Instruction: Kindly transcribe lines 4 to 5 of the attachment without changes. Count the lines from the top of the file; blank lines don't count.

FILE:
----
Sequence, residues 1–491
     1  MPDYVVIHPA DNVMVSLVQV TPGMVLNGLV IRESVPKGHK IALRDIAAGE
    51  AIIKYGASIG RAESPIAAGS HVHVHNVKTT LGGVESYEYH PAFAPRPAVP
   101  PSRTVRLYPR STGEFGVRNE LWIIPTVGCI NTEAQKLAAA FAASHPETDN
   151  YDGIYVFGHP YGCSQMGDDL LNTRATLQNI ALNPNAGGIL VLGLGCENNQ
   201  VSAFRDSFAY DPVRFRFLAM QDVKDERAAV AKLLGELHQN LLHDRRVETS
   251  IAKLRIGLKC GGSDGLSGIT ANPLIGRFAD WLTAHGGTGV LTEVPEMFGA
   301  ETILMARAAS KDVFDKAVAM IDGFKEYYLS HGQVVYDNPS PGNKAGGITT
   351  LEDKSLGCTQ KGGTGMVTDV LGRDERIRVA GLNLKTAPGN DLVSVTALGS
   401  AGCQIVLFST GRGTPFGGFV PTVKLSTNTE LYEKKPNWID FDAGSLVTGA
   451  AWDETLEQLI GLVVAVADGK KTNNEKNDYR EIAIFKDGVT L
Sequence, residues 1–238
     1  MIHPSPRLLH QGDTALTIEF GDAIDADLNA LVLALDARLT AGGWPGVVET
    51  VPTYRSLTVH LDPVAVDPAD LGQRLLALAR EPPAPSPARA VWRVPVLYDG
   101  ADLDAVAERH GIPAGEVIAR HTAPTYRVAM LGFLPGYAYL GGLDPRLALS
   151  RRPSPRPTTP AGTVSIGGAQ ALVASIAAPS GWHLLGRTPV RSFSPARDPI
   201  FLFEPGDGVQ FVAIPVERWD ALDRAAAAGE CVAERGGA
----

   101  PSRTVRLYPR STGEFGVRNE LWIIPTVGCI NTEAQKLAAA FAASHPETDN
   151  YDGIYVFGHP YGCSQMGDDL LNTRATLQNI ALNPNAGGIL VLGLGCENNQ